fact

noun

1
a
: something that has actual existence
space exploration is now a fact
b
: an actual occurrence
prove the fact of damage
2
: a piece of information presented as having objective reality
These are the hard facts of the case.
3
: the quality of being actual : actuality
a question of fact hinges on evidence
4
: a thing done: such as
a
: crime
accessory after the fact
b
archaic : action
c
obsolete : feat
5
archaic : performance, doing
Phrases
in fact
: in truth
He looks younger, but in fact, he is 60 years old.

Example Sentences

Rapid electronic communication is now a fact. The book is filled with interesting facts and figures. He did it, and that's a fact.
Recent Examples on the Web In fact, the above argument involving the triangle, the rectangle and the square shows that scissors congruence is also transitive. Patrick Honner, Quanta Magazine, 21 Nov. 2022 In a fierce race over the past few episodes to find and save her baby Coco, Rosita did, in fact, rescue her daughter. Dalton Ross, EW.com, 21 Nov. 2022 In fact, nearly all of the recovery tech brand's lineup can be scored at a top-tier discount. John Thompson, Men's Health, 21 Nov. 2022 In fact, Canada and the United Kingdom’s government websites both say to avoid them, citing serious accidents involving tourists. Matt Crisara, Popular Mechanics, 21 Nov. 2022 Both Joy and Virginia are fictional but based in fact, yes? Margy Rochlin, Los Angeles Times, 21 Nov. 2022 In fact, their busiest holiday season lasts from October through about Valentine's Day, according to Forbes, and the bakery and museum are open year-round from Friday to Sunday. Endia Fontanez, The Arizona Republic, 21 Nov. 2022 In fact, the singer hit the AMAs red carpet in one of our absolute favorite looks of the entire night. Hannah Oh, Seventeen, 21 Nov. 2022 In fact, this summer the Brazilian Ministry of Health reported that dengue fever was continuing to spread in all five regions of the country. WIRED, 21 Nov. 2022 See More

These example sentences are selected automatically from various online news sources to reflect current usage of the word 'fact.' Views expressed in the examples do not represent the opinion of Merriam-Webster or its editors. Send us feedback.

Word History

Etymology

borrowed from Latin factum "deed, action, real event," noun derivative from neuter of factus, past participle of facere "to make, bring about, perform, do," going back to a suffixed form *dhh1-k-i̯e- (with perfect fēcī from *dheh1-k-) of Indo-European *dhh1-, dheh1- "put, place, make, do" — more at do entry 1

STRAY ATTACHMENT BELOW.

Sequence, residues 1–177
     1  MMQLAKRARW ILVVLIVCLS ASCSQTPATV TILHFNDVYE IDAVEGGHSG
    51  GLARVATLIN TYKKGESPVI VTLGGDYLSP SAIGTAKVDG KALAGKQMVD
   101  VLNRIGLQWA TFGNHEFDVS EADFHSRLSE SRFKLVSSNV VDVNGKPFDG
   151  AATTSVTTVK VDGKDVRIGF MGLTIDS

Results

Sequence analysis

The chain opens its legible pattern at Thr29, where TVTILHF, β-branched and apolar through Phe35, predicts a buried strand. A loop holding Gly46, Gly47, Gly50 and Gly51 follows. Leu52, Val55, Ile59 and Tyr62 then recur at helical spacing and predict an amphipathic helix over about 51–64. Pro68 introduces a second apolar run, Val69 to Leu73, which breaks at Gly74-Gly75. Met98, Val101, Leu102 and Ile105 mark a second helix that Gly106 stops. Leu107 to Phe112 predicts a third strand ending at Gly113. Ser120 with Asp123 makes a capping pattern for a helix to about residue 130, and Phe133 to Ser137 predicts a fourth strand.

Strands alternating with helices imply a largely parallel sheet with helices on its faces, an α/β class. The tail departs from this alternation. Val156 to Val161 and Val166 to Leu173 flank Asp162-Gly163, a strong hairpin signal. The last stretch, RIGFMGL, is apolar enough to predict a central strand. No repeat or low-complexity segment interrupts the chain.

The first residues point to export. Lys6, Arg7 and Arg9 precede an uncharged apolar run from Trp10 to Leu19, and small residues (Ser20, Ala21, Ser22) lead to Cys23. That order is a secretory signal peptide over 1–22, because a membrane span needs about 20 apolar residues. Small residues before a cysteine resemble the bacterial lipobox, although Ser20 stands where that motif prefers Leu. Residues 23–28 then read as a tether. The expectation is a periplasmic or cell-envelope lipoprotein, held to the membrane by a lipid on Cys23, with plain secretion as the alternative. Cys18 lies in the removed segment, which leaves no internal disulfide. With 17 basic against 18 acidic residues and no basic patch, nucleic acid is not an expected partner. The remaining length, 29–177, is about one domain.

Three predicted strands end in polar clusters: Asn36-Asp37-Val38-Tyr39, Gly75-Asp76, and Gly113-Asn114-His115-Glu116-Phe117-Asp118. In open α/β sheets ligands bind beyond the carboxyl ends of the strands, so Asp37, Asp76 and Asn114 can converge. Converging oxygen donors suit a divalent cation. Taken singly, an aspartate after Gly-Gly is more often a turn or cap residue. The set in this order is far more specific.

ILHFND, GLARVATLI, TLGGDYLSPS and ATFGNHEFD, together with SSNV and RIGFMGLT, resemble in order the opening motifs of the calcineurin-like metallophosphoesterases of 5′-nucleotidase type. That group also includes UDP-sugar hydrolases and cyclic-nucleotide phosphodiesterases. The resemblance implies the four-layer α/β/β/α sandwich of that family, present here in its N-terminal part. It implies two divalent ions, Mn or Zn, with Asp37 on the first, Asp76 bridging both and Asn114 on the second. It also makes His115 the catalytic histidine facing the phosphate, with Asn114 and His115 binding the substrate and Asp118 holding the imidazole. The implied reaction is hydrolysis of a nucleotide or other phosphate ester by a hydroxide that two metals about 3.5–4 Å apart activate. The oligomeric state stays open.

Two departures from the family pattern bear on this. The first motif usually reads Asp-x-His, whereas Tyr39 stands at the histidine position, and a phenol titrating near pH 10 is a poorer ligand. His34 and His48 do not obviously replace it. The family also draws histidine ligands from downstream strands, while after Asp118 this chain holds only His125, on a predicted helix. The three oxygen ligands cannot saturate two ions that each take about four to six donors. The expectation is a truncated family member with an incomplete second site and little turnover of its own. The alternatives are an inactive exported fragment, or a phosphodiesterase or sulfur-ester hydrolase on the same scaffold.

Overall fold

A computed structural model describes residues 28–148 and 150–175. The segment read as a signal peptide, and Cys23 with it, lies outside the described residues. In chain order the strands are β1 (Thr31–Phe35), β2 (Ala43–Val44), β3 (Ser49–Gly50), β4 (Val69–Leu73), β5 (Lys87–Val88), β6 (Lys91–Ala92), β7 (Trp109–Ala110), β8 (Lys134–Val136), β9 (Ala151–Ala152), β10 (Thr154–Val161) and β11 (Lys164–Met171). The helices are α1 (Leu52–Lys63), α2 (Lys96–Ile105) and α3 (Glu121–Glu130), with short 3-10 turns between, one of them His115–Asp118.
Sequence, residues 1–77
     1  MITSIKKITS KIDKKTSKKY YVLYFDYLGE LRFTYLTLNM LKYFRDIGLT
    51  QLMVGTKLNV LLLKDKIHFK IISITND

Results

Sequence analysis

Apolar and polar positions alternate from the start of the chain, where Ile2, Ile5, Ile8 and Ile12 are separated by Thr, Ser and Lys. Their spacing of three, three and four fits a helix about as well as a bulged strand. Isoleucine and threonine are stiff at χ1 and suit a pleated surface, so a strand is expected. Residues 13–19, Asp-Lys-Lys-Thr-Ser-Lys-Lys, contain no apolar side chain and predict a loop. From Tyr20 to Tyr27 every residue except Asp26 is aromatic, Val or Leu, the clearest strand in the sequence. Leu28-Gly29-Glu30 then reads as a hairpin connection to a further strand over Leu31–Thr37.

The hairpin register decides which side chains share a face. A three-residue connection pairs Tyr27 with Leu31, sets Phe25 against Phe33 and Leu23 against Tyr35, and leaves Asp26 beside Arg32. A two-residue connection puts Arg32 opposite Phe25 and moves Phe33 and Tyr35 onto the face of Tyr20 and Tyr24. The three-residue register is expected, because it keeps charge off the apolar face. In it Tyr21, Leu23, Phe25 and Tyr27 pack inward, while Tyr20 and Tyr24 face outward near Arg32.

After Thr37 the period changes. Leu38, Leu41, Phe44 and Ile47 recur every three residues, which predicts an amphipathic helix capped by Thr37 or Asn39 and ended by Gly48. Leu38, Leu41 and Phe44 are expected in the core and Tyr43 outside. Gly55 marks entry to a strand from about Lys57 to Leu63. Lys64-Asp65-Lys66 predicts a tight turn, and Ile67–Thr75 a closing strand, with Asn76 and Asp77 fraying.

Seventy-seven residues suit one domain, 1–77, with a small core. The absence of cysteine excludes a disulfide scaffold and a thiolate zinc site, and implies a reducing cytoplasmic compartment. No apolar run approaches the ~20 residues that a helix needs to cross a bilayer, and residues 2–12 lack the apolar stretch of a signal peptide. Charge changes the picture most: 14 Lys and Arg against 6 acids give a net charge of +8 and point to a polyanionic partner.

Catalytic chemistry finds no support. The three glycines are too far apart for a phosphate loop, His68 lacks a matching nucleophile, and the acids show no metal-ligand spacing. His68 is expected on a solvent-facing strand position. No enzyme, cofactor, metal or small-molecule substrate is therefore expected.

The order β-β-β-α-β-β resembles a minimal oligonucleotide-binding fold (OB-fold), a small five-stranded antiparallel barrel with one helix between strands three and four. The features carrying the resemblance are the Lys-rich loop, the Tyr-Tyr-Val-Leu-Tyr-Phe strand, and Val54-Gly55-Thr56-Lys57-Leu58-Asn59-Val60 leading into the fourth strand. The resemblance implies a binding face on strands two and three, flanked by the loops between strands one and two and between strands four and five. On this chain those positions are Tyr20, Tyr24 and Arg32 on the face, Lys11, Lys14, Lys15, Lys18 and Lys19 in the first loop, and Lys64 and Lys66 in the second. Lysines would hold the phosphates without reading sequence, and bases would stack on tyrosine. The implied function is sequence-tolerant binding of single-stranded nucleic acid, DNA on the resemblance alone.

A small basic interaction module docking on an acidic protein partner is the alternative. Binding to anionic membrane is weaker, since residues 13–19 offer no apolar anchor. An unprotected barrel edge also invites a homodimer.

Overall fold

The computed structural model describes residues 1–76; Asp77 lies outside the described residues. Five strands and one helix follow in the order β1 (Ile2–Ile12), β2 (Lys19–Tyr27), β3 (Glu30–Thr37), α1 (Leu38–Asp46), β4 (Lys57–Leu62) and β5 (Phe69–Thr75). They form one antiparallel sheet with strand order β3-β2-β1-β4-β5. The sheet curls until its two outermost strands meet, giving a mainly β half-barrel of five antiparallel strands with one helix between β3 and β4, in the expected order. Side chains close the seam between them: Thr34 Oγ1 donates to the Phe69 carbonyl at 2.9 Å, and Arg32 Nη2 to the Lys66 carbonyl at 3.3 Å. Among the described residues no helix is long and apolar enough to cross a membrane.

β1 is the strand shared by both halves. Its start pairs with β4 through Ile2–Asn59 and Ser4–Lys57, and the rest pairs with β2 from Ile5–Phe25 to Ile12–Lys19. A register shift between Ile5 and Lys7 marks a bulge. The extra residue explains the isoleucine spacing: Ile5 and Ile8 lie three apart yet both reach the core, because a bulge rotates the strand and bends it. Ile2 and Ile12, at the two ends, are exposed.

Note: The extension *-k- has been compared with the Greek extended aorist éthēka "I placed" (corresponding to present títhēmi "I set, put, placed"), apparently parallel to Latin jaciō, jacere "to throw" and Greek hêka "I threw" (see jet entry 3); though the identity of the two formatives has been disputed.

First Known Use

15th century, in the meaning defined at sense 4

Time Traveler
The first known use of fact was in the 15th century

Dictionary Entries Near fact

Cite this Entry

“Fact.” Merriam-Webster.com Dictionary, Merriam-Webster, https://www.merriam-webster.com/dictionary/fact. Accessed 2 Dec. 2022.

Kids Definition

fact

noun

1
a
: a thing done
b
: crime sense 1
accessory after the fact
2
: the quality of being actual
3
: something that actually exists or occurs
space travel is now a fact
prove the fact of damage
4
: a piece of information about something presented as true and accurate
a book filled with facts
in fact
: in truth : actually

Legal Definition

fact

noun

1
: something that has actual existence : a matter of objective reality
2
: any of the circumstances of a case that exist or are alleged to exist in reality : a thing whose actual occurrence or existence is to be determined by the evidence presented at trial see also finding of fact at finding, judicial notice, question of fact at question, trier of fact compare law, opinion
adjudicative fact
: a fact particularly related to the parties to an especially administrative proceeding compare legislative fact in this entry
collateral fact
: a fact that has no direct relation to or immediate bearing on the case or matter in question compare material fact in this entry
constitutional fact
: a fact that relates to the determination of a constitutional issue (as violation of a constitutional right) used especially of administrative findings of fact
evidentiary fact
: a fact that is part of the situation from which a case arises and that is established by testimony or other evidence

called also mediate fact, predicate fact

compare ultimate fact in this entry
legislative fact
: a fact of general social, economic, or scientific relevance that does not change from case to case compare adjudicative fact in this entry
material fact
: a fact that affects decision making: as
a : a fact upon which the outcome of all or part of a lawsuit depends
b : a fact that would influence a reasonable person under the circumstances in making an investment decision (as in purchasing a security or voting for a corporate officer or action)
mediate fact
: evidentiary fact in this entry
predicate fact
: evidentiary fact in this entry
ultimate fact \ ˈəl-​ti-​mət-​ \
: a conclusion of law or especially mixed fact and law that is necessary to the determination of issues in a case and that is established by evidentiary facts compare evidentiary fact in this entry
in fact
: as a factual matter : established by fact rather than as a matter of law

History and Etymology for fact

Latin factum deed, real happening, something done, from neuter of factus, past participle of facere to do, make

More from Merriam-Webster on fact

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